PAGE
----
The Rise and Fall of Human Rights provides a groundbreaking ethnographic investigation of the Palestinian human rights world—its NGOs, activists, and "victims," as well as their politics, training, and discourse—since 1979. Though human rights activity began as a means of struggle against the Israeli occupation, in failing to end the Israeli occupation, protect basic human rights, or establish an accountable Palestinian government, the human rights industry has become the object of cynicism for many Palestinians. But far from indicating apathy, such cynicism generates a productive critique of domestic politics and Western interventionism. This book illuminates the successes and failures of Palestinians' varied engagements with human rights in their quest for independence.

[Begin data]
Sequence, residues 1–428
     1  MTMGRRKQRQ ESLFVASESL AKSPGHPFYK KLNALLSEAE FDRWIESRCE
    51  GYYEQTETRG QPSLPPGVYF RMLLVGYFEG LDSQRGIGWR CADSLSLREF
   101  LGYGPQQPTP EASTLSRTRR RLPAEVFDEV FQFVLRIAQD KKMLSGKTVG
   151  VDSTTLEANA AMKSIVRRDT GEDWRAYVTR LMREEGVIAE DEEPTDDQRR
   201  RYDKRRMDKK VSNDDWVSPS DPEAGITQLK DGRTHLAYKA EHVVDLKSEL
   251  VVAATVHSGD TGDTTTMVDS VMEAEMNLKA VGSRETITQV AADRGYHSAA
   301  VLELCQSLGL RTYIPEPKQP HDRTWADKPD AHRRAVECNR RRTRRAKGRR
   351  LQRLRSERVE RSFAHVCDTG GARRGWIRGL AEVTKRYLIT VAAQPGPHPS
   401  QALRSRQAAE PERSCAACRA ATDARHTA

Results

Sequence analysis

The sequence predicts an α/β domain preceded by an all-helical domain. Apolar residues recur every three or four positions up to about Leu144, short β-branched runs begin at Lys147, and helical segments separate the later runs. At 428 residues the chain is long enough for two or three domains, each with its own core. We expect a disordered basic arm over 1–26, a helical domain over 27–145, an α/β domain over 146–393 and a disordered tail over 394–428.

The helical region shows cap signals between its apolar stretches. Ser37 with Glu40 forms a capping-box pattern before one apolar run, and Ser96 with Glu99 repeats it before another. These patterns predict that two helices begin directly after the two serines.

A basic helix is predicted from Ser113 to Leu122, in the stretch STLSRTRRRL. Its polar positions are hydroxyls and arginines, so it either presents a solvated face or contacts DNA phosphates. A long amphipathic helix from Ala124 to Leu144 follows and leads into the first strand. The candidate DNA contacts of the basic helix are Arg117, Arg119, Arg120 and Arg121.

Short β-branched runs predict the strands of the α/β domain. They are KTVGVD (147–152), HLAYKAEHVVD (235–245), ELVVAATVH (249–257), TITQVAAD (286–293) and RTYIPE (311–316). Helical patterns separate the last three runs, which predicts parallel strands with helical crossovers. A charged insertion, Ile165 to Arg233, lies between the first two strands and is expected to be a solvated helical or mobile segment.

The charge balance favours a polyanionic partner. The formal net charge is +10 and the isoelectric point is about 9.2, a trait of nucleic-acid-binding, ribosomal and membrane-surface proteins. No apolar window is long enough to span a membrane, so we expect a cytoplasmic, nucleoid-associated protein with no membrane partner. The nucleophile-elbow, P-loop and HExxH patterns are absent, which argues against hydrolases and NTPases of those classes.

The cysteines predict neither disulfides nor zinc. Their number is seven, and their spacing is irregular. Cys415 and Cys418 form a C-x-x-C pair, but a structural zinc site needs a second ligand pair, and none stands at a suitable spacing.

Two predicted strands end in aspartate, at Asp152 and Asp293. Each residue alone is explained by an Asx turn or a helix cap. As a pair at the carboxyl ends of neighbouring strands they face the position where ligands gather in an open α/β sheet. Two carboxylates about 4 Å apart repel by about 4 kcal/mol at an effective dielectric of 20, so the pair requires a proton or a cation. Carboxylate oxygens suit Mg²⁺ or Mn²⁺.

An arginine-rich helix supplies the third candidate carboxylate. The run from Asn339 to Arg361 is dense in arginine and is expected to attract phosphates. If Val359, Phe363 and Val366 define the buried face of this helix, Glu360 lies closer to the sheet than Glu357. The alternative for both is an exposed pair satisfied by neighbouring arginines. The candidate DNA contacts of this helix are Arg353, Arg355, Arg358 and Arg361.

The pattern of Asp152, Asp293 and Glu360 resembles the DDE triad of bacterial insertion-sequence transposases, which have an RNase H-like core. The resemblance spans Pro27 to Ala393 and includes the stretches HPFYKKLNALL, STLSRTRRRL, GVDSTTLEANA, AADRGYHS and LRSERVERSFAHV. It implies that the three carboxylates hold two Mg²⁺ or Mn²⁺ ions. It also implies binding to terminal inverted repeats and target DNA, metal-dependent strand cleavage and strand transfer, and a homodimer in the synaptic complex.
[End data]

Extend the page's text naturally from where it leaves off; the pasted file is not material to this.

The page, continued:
In The Press
"The idiom of human rights now pervades Palestinian ideas of who they are and what they hope to be. This eye-opening book explores how, between the friction of disappointment and hope, human rights values might still generate more viable means to build a common world. A profound reflection on the dominant discourse of emancipation in our times."
About The Author
Lori Allen is a University Lecturer in Contemporary Middle Eastern Politics & Society at the University of Cambridge.